Opinion

Mind – and mine – your general practice data


Dr Chris Hogan 19/06/2018 3:14:12 PM

Dr Chris Hogan calls for better use of the data routinely collected by GPs.

News teaser
How can GPs best use the data they collect every day?

Being a GP is an amazing privilege. Many of us are able to stay in the same practice, or practices, for years, allowing us to build lasting relationships with our patients and communities.
 
We have access to the unfiltered thoughts, hopes, ambitions, fears, tragedies and triumphs of our patients. People share with us with a frankness they show to almost no one else, not even their partners.
 
Of course, this is not always deliberate on our patients’ parts.
 
We are trained to relax our patients and put them at ease, and then to respectfully ask intimate questions and often conduct intimate examinations. We are trained observers and interrogators. Also, we are good clinicians, trained to analyse and detect patterns.
 
We get to know our patients, how they react to illness, their strengths and weaknesses. We also hear what other people like friends, relatives and even adversaries say about them.
 
We effectively live in small towns – the community we serve – and privacy is a matter of politeness and ethics.
 
These records that we produce year in, year out comprise a remarkable insight into our communities, our behaviours, our relationships, and illnesses and health.
 
But what do we do with all this knowledge except to collect it, condense it and record it as data in our electronic records? What use are we making of this data and accumulated experience, information and insight? For the most part, it simply sits in our records.
 
In the past age of paper records and scribbled aide memoires, the ink would fade and the paper turn yellow. These paper records would be destroyed seven years after the patient left the practice, or the doctor retired or died. The evidence of a patient’s experience and a doctor’s life work of compassion, sweat and toil would all become just so much trash.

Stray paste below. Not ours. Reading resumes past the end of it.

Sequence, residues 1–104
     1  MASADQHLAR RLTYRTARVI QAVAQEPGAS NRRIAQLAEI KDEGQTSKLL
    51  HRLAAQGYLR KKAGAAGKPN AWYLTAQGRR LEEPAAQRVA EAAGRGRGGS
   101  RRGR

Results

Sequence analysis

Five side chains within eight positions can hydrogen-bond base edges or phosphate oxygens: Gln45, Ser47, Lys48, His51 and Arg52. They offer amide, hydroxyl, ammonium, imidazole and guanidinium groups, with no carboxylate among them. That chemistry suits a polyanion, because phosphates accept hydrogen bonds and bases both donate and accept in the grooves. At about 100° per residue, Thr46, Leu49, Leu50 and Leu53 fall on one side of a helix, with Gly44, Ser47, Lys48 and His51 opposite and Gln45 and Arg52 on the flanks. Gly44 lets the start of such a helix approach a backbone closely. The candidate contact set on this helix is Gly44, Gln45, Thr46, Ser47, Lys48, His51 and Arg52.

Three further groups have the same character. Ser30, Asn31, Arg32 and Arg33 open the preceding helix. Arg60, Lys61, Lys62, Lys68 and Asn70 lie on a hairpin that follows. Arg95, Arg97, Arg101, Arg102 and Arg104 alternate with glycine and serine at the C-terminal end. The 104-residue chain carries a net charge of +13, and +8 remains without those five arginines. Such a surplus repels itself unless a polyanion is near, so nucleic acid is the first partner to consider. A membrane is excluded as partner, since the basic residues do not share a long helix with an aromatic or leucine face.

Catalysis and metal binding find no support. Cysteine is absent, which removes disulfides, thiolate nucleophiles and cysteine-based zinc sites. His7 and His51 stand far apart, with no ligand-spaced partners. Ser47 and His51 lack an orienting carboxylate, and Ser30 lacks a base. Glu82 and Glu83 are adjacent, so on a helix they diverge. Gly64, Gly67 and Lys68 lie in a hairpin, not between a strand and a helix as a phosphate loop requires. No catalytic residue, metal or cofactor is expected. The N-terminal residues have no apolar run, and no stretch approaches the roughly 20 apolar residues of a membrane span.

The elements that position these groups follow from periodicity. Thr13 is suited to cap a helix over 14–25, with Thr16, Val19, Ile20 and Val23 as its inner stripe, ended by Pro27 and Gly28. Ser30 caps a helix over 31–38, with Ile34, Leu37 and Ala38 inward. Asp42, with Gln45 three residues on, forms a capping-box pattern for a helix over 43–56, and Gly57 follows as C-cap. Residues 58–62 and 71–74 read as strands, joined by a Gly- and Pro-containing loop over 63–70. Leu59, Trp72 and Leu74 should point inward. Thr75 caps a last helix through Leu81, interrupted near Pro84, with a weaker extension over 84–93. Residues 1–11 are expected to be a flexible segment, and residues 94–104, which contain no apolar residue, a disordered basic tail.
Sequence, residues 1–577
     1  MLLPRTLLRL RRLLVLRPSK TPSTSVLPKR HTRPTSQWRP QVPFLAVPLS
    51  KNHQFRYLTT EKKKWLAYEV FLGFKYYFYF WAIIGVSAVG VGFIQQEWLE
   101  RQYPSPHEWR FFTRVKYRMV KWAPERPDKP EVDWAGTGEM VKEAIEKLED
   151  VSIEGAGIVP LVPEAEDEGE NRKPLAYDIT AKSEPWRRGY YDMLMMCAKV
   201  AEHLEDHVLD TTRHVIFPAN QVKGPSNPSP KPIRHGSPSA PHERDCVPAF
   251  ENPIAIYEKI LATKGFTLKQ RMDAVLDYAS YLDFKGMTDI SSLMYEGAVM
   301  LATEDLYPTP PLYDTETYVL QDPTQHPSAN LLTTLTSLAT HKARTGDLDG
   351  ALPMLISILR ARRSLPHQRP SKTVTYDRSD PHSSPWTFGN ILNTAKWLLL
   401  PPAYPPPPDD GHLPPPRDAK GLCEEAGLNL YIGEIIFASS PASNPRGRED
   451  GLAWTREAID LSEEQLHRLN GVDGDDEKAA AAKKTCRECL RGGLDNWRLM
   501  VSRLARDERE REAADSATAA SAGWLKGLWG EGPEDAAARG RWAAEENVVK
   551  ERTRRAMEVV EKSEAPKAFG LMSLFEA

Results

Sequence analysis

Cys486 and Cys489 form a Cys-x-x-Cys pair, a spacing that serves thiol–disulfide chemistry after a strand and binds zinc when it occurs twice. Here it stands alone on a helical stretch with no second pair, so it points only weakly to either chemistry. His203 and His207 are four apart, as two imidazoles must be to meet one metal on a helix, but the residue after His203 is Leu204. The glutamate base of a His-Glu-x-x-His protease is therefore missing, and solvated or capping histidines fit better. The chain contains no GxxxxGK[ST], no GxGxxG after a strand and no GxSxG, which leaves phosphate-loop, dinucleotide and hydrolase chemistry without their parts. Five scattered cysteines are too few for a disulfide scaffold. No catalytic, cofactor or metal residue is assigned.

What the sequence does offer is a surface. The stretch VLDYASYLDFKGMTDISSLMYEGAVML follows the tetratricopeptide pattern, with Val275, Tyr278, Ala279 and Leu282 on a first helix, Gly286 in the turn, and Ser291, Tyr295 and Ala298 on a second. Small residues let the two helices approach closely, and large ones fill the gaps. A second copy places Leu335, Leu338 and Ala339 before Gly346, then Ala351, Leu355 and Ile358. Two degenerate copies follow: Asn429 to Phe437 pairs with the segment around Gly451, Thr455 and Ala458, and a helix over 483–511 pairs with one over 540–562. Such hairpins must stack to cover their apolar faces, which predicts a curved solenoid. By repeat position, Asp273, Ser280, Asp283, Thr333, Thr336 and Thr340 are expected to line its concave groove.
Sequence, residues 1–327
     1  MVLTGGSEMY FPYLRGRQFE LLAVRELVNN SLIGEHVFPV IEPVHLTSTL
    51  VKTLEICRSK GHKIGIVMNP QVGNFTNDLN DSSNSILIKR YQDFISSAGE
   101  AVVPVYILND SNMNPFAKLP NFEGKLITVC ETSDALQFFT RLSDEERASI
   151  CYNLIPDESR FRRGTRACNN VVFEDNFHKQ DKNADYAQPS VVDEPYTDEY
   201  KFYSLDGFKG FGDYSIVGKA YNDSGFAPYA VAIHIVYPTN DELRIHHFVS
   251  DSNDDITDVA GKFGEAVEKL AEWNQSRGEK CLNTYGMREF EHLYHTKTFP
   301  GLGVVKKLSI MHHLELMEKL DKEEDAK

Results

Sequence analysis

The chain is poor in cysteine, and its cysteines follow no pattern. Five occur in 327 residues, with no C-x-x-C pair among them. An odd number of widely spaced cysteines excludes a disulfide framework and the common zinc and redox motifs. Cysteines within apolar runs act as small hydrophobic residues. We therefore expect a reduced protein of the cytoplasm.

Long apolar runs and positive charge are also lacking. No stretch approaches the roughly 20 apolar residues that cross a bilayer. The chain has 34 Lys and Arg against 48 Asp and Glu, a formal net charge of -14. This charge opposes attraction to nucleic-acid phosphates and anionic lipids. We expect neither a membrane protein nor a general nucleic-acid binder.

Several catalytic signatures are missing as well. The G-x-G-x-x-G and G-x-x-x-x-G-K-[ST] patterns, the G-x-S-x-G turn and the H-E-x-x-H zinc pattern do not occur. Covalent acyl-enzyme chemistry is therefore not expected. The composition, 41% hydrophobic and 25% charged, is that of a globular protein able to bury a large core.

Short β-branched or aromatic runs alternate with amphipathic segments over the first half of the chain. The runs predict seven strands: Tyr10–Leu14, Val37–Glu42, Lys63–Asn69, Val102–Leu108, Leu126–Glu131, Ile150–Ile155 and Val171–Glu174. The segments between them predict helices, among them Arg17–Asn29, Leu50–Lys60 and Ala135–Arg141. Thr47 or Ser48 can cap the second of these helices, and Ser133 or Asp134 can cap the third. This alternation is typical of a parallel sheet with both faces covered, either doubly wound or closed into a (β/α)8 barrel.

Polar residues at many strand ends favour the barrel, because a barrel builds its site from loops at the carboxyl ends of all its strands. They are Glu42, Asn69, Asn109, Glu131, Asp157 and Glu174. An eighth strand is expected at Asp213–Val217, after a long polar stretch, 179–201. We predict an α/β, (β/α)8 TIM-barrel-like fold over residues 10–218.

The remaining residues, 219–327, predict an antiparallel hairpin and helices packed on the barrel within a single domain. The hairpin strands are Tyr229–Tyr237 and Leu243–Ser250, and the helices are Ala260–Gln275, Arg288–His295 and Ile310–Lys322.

How does electronic data die? By apathy and expedience.
 
By apathy, I mean that our records are often incomplete, unfiltered and unchecked. Old scripts and such are allowed to clog up active summaries. Expedience means that records are often not checked, not upgraded and not processed. Time-poor GPs often leave sorting through old records for another day.
 
Does this matter? In a word, yes.
 
Old records may hold vital clues for the health of the patients and of blood relatives or other family members.
 
But the data we gather may well have wider uses – and not just for individual patients.
 
Right now, there are many organisations offering to collect our clinical data for their uses, well intentioned or otherwise. Some even suggest that our data, our observations, our deductions and our insight should be available at effectively no cost to insurance companies and the like because the information apparently belongs to the patient alone.
 
If an expert is someone who makes their job look easy, I fear GPs have done too good a job because no one seems to value what we do. Outsiders think it is easy, but it is not. And our records, our data, are testament to that.